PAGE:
LEWISTON — The temporary traffic pattern on Lincoln Street, which will be removed Friday, received mixed reviews from commuters, but its designers say the first such project in Maine worked to slow down traffic. 

The pattern, installed for the Build Maine conference on June 8-9, was designed to give transportation specialists a live look at whether temporary traffic patterns can be used to address safety issues in certain areas. 

In this case, protected bike lanes were installed quickly with inexpensive materials, using what’s known as a parking buffer on one side of the street. White traffic bollards and temporary paint were the main materials, and for two weeks it became Maine’s first protected bike lane, a method that is used in many larger cities. 

Build Maine asked for public feedback, and received more than 100 written responses and countless comments over social media. Some people were less than impressed, while others reported that they felt safer on the roadway. 

One respondent who said they liked the design said, “I felt more conscientious as a driver. It made me slow down and take stock of my surroundings.” 

Another, who was obviously against the design, said simply, “Get rid of all the crap you put in the street.” 


“It’s a visual mess. It looks like a permanent construction zone,” someone else said. 

Of those asked, 56 percent said they liked the road better now compared to what it was before. A larger percentage, 63 percent, said they’d like to see more temporary traffic patterns tested in Lewiston. 

Despite the mixed reviews, Build Maine Co-Chairwoman Kara Wilbur said speed tests conducted by Auburn police both before and after the change showed that vehicle speeds slowed significantly.

According to the news release, the percentage of people speeding over 30 mph dropped by half. 

“If Maine is serious about reducing the number of people getting killed on our roads, we may need to be OK with someone’s commute taking a few minutes longer,” Wilbur said. “Until we are able to have that conversation, it is likely we will continue to see the fatality rate increase as more people move to downtowns and take advantage of the quality of life benefits and the convenience provided by walking and biking in these places.”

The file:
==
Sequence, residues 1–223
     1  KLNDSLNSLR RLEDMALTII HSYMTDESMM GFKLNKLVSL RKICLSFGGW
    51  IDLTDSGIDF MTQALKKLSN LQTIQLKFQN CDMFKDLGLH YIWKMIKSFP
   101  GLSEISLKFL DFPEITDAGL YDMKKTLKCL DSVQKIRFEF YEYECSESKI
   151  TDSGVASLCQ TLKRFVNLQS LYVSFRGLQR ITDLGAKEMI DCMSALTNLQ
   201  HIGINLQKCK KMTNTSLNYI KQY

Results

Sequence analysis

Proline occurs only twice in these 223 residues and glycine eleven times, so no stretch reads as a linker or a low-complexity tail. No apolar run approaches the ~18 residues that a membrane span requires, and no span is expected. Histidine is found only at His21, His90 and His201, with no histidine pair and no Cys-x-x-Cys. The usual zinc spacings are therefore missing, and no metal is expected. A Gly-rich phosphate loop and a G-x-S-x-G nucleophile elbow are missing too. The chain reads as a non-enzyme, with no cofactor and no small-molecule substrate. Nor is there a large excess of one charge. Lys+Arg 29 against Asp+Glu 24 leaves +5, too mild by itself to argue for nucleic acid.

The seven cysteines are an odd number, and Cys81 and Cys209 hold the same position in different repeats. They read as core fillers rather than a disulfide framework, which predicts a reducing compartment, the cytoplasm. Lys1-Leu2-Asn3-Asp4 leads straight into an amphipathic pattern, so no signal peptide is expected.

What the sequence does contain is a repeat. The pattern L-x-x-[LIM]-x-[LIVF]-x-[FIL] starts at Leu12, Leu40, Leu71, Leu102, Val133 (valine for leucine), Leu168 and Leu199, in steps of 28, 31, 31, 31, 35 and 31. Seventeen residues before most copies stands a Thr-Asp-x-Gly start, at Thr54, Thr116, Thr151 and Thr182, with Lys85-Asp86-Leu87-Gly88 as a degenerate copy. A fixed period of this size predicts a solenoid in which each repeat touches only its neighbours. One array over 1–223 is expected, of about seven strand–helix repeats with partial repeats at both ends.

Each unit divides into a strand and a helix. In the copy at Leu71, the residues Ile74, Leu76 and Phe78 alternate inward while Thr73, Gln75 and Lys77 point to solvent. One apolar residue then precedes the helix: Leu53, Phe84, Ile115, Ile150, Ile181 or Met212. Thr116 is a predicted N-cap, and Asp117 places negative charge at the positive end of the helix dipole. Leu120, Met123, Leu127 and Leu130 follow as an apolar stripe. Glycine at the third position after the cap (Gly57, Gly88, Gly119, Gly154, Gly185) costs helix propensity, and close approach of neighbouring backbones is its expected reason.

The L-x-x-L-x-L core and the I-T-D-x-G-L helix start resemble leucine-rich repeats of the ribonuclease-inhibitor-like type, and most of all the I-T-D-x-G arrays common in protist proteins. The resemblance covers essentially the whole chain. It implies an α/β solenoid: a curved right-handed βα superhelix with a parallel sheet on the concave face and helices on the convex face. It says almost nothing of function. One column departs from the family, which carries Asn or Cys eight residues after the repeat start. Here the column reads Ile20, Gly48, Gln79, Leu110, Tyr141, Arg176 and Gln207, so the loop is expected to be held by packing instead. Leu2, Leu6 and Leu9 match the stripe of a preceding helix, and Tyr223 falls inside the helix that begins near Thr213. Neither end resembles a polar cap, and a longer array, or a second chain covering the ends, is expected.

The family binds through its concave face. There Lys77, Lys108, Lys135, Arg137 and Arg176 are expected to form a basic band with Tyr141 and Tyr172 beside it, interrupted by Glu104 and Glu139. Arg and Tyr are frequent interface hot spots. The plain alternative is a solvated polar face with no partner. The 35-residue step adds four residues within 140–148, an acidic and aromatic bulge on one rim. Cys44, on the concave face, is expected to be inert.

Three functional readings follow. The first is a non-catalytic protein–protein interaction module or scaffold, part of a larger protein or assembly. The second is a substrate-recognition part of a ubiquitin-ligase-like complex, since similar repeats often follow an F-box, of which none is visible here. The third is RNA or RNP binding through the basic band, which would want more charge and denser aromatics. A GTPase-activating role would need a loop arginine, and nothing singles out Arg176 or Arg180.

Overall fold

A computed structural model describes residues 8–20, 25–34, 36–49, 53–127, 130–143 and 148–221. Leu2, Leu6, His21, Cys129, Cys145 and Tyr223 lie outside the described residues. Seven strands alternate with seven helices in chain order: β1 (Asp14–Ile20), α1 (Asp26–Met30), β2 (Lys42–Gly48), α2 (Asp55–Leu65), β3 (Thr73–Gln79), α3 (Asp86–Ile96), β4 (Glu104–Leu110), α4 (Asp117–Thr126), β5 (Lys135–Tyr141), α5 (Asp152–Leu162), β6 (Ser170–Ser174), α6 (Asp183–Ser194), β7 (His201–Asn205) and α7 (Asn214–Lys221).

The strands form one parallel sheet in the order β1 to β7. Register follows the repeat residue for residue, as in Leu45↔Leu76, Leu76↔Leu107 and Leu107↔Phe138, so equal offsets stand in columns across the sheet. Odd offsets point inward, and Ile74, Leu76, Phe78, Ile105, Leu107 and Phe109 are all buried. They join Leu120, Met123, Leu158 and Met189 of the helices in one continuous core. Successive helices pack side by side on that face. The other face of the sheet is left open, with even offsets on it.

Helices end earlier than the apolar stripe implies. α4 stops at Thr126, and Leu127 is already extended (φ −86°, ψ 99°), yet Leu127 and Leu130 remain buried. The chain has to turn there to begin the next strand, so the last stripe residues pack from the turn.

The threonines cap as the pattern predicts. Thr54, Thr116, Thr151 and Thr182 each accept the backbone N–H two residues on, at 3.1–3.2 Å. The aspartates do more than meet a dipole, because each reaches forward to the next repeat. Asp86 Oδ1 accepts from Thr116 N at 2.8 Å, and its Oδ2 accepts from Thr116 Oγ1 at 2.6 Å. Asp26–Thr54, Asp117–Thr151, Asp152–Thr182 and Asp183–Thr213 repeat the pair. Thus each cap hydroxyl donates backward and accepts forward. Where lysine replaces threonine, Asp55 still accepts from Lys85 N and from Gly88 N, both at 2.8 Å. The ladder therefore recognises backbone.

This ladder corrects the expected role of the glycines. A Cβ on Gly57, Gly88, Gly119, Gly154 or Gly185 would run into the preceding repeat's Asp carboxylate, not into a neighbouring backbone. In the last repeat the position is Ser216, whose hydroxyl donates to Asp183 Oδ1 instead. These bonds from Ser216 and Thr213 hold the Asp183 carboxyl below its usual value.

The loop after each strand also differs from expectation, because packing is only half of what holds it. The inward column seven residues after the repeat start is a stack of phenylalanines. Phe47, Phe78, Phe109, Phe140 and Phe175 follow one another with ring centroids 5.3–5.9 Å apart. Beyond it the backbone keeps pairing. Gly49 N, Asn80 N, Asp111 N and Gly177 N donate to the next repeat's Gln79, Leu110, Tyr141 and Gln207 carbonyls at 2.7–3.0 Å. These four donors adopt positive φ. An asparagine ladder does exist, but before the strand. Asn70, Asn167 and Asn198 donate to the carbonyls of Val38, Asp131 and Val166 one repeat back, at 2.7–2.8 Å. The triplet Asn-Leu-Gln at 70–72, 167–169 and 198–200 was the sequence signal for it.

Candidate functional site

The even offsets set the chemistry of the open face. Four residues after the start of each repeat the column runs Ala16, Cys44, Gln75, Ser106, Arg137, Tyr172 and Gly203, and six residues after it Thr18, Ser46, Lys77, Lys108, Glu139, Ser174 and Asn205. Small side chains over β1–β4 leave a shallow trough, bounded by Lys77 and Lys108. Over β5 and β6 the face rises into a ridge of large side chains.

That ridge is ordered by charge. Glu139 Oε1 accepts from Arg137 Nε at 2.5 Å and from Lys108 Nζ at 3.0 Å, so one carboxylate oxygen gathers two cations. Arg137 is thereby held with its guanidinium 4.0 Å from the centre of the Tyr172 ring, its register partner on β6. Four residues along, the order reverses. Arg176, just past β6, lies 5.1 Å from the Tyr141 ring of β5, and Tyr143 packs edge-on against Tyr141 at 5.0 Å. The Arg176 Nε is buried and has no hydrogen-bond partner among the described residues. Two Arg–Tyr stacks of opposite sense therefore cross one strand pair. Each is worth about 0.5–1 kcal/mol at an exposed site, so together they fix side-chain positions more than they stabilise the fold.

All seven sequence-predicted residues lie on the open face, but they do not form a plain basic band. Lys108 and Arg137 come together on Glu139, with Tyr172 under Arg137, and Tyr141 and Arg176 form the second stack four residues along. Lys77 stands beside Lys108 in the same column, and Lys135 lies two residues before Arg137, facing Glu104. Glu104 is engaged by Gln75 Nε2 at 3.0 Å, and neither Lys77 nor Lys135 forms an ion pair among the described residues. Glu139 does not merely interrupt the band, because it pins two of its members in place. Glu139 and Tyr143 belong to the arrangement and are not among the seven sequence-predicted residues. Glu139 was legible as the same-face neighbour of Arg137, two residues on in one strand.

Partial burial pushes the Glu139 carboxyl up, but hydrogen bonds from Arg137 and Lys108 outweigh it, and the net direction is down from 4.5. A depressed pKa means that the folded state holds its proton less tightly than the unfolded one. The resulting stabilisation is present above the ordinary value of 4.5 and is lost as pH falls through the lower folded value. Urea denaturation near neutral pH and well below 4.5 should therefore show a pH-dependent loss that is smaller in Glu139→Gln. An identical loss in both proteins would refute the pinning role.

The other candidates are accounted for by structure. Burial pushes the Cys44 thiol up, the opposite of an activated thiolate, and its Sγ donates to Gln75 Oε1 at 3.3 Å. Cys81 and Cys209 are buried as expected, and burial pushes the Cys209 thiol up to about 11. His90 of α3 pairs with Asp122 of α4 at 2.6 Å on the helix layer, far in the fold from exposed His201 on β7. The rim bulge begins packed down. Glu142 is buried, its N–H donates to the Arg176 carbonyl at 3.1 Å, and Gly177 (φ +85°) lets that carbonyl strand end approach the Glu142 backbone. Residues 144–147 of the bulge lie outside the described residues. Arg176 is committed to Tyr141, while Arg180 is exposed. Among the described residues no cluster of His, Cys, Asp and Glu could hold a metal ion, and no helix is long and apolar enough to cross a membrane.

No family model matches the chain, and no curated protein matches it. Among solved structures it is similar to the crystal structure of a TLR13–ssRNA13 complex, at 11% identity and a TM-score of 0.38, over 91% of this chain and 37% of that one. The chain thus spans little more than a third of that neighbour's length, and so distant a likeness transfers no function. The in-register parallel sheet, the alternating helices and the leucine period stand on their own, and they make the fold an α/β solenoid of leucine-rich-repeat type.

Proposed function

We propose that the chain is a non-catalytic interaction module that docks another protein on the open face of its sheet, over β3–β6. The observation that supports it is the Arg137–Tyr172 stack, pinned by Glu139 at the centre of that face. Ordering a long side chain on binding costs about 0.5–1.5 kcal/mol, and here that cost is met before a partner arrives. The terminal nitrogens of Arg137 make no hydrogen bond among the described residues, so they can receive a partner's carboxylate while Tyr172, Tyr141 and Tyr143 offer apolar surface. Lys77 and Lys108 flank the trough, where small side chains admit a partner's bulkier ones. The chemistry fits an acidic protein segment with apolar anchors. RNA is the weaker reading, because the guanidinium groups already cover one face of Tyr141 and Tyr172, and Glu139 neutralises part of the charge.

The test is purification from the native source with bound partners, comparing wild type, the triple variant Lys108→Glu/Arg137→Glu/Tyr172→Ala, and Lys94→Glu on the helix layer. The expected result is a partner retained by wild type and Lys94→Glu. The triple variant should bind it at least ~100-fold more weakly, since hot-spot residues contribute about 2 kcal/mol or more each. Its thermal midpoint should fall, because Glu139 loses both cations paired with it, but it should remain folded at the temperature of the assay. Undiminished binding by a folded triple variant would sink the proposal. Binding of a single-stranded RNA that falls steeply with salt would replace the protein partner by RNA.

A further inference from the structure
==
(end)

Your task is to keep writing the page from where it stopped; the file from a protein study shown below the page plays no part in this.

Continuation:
Pedestrian safety has been a regular focus in Lewiston following three pedestrian fatalities in the span of a year, and recent activity has included a special police detail, a new city ordinance on street design, and safety forums held by the Maine Department of Transportation and the bicycle coalition in both Lewiston and Auburn. 


The news release Thursday said the idea was to see whether these types of projects can be “one critical tool for addressing roadway safety and decreasing the rising annual pedestrian and cyclist death toll on Maine roads.”

It was a pop-up Build Maine workshop that has occurred each year during the conference. The first time, volunteers made Pine Street more bike-friendly with temporary lanes. In 2015, they narrowed the road around Simard-Payne Memorial Park and test-drove city plows and other big equipment to see how they fared.

Wilbur said local businesses were concerned the traffic pattern would lead to confusion and fewer people willing to stop along the road to shop.

Other respondents said the narrowed roadway caused them to feel less safe while driving, either by causing distractions or being visually disorienting. Many said they worked on or near Lincoln Street. A few respondents said a crosswalk had been replaced near the parking garage, causing them to walk farther down the street to cross.

Wilbur said the narrowed road, while perhaps feeling unsafe to drivers, “is precisely this sort of perception that is critical to slowing vehicular speeds, which is central to reducing fatalities.” 

A number of people said that while they value bicycle and pedestrian safety, they didn’t feel the design was the best solution. 


The parking buffer, which was implemented on one side of the road, gave cyclists a protected lane by placing parallel parking spaces between moving traffic and cyclists.

Shortly after it was installed, a line of parked cars not far from Labadie’s Bakery didn’t seem too concerned or confused by the new pattern. However, throughout the installation there were examples of people not using the design correctly. 

One driver this week parked directly in front of the bike lane in a no-parking location across from a variety store. 

Other commenters who liked the design said they’d like to see it become permanent, using permanent materials.

Dave Jones, director of Lewiston Public Works, noted that the city has not yet adopted any of the full ideas used in previous pop-up installations, but has installed a series of piano key crosswalks, with more set to go in. 


Volunteers from Build Maine and the Bicycle Coalition of Maine paint lines in a designated bike lane on Lincoln Street earlier this month. The temporary traffic pattern was a first in Maine, designed to help transportation officials study its impact on traffic. 

This vehicle was seen parked in violation of the bike lane on Lincoln Street in Lewiston on Thursday, June 15.

Jim Tasse, assistant director of the Bicycle Coalition of Maine, led a group of cyclists down the newly constructed traffic pattern on Lincoln Street in Lewiston on June 8. Build Maine painted parking spaces between the bike lane and traffic, creating a buffer for cyclists between them and the flow of traffic. It will be removed Friday. 

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